I recently migrated an old node webapp from MySQL to PostgreSQL. The application is a little over 10k lines of code and does not use any ORM / SQL builder tool. To convert the schema and move the data I used a little Common Lisp tool called pgloader which can convert from various other databases like MySQL, sqlite or MSSQL.

The reasons1 why I did this migration was:

  • PostgreSQL feels a bit more stable / long term (I don’t like that Oracle bought MySQL). This was the last side-project I had that was still using MySQL, so now I don’t have to deal with MySQL anymore.
    • Porting this project to MongoDB would have been a lot more work and the license situation is not ideal there and also I don’t like the “schemaless” aspect of MongoDB.
  • MySQL’s timestamp datatype has the 2032 problem and a long range of various other similar little technical limitations.
  • PostgreSQL Ubuntu packages are quite well maintained. There are separate packages for 9.4, 9.5, 9.6, 10, 11, 12 available in parallel on 18.04

Just installing pgloader using “sudo apt install pgloader” didn’t work because it crashed and I found some GitHub issue that was fixed but the apt packaged version did not have the fix yet. Instead I tried to run the docker version, but it was quite painful to get that working. I had to reconfigure both mysql and postgres to accept connections from any interface rather than just localhost, then set a password for the postgres user (it doesn’t allow password logins by default) and add a user in MySQL that was allowed to connect from a remote IP. Finally, I had to use the docker host IP (visible on the docker0 interface if you run ip addr) both as the source and the destination. I ended up running something like:

docker run --rm --name pgloader dimitri/pgloader:latest pgloader \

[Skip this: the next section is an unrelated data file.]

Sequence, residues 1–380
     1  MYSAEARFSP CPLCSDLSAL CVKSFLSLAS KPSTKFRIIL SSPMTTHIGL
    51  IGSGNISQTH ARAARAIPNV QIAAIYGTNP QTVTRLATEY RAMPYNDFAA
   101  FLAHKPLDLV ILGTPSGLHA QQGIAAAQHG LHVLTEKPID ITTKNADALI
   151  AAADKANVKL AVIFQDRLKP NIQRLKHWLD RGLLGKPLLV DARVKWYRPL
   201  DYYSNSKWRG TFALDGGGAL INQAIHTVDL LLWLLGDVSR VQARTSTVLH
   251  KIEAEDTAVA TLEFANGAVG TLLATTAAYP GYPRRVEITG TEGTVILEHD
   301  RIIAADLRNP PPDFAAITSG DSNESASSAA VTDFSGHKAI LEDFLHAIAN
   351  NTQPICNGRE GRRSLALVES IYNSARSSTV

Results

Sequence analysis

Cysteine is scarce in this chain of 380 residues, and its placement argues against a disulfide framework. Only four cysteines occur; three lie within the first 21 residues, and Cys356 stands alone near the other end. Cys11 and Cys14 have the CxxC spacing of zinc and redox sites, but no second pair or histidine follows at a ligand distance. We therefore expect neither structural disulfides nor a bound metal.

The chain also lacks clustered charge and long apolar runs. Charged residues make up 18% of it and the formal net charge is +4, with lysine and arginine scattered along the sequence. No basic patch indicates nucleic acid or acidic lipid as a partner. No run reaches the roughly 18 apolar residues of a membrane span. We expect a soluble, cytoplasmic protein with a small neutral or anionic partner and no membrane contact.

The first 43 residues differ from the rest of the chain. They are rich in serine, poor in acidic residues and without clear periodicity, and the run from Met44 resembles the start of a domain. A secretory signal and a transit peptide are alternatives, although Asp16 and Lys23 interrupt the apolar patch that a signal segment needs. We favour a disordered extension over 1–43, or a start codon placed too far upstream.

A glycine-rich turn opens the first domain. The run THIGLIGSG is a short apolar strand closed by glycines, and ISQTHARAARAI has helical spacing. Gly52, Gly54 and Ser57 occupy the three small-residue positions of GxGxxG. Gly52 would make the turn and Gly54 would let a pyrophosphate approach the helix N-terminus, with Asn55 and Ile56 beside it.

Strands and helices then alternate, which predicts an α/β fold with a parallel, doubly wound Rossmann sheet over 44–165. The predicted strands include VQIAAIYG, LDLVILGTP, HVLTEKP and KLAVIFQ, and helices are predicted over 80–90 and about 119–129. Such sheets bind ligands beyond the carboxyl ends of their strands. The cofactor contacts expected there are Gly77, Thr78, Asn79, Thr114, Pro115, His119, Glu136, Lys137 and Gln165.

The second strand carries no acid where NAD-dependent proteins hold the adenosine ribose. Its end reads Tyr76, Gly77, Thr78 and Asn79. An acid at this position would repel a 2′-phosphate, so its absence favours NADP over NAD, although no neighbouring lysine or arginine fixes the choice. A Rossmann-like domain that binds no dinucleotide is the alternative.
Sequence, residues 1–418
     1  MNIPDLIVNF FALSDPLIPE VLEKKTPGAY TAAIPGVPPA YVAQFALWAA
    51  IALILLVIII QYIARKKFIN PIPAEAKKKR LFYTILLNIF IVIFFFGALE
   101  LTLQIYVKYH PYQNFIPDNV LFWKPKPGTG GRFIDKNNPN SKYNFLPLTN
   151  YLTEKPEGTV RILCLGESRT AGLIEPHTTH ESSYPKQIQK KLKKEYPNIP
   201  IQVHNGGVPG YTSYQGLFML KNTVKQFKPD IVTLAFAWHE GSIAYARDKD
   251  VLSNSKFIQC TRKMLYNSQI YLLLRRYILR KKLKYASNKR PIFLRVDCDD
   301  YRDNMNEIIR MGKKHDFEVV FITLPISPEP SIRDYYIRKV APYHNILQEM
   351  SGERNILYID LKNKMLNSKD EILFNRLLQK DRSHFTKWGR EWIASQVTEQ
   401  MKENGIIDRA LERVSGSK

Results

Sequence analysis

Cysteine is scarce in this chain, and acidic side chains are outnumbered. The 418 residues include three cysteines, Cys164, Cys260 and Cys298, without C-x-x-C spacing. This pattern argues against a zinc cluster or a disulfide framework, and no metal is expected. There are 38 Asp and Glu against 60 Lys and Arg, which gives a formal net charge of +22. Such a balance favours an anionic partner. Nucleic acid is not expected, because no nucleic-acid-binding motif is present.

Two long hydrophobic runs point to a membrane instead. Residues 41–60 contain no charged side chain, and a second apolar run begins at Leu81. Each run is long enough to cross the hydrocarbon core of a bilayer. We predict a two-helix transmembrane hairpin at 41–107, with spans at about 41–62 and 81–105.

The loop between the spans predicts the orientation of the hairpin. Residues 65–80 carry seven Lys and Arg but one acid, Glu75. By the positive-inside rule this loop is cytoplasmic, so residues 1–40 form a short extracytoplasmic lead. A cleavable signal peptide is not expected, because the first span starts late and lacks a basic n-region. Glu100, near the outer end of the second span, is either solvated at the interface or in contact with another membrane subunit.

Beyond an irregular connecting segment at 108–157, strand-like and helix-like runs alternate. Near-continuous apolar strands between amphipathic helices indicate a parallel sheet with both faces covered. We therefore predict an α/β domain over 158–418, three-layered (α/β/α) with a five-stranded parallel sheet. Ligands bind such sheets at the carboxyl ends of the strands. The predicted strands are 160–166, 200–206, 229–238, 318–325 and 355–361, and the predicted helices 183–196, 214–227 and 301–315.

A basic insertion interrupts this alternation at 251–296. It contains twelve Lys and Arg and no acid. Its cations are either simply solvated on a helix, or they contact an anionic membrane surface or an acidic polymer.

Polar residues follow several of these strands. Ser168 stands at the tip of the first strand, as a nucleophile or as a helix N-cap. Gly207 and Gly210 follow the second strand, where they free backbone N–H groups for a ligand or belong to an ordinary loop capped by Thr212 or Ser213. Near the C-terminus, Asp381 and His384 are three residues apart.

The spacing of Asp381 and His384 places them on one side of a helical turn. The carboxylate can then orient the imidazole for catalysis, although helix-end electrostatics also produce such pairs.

mysql://myuser:mysqlpasswo@ \

Later, when I went through a similar process for a staging environment I installed the latest version of pgloader from apt.postgresql.org instead and that was a lot easier.

Migrating the source code

The first step was to convert the Mysql SQL placeholders from ? to PostgreSQL $N placeholders:

-  const rows = await db.query('SELECT * FROM users WHERE user_id = ?', [userId])
+  const rows = await db.query('SELECT * FROM users WHERE user_id = $1', [userId])

Doing this manually, would be very tedious/boring so I wrote a program that edited my source code instead. babel is a great tool for JavaScript source-to-source transformation, but it doesn’t preserve source formatting when it emits code. However, there is a great utility on npm called @codemod/cli that parses and emits code using recast instead of the babels default parser. I implemented my SQL migration utility as a babel plugin and I used the excellent JavaScript AST Explorer to prototype the first version. It was possible to implement the entire plugin in just 45 lines of code:

 Tiny babel plugin that helps migrate node Mysql SQL to Postgres SQL.
 Run via:
 npx -p @codemod/cli codemod --plugin ./scripts/mysql-to-postgres.js src/server/foo.js
const needsMigration = sql => {